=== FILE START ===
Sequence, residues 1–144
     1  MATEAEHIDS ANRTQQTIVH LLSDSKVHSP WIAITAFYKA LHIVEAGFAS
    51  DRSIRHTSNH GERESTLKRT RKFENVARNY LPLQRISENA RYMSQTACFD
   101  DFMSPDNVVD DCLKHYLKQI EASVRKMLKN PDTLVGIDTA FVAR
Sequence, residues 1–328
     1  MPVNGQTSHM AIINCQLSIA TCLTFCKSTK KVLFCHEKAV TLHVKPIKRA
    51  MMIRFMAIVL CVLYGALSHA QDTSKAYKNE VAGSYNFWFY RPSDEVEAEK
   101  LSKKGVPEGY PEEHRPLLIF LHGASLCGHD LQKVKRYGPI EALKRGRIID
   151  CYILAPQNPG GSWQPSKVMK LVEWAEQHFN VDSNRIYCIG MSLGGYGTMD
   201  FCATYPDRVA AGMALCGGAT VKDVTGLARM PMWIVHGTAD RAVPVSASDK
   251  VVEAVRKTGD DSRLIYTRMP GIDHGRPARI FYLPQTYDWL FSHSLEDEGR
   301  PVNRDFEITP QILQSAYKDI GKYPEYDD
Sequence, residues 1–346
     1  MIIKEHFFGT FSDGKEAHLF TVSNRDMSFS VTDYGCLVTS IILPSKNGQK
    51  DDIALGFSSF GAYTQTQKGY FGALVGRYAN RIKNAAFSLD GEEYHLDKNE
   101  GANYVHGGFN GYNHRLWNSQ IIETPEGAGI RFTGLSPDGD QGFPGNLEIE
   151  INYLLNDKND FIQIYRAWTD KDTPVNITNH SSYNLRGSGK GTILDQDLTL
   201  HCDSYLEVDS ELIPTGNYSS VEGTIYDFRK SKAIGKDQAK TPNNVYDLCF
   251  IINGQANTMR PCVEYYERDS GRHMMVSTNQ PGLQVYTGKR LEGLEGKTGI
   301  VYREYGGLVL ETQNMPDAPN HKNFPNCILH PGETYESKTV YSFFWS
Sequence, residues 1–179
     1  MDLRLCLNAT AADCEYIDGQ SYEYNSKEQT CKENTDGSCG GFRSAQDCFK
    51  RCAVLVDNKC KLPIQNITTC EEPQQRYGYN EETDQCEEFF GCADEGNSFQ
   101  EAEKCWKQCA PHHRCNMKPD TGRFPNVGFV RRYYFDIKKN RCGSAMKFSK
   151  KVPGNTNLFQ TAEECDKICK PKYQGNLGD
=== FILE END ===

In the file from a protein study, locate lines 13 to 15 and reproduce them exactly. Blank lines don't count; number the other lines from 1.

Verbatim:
Sequence, residues 1–346
     1  MIIKEHFFGT FSDGKEAHLF TVSNRDMSFS VTDYGCLVTS IILPSKNGQK
    51  DDIALGFSSF GAYTQTQKGY FGALVGRYAN RIKNAAFSLD GEEYHLDKNE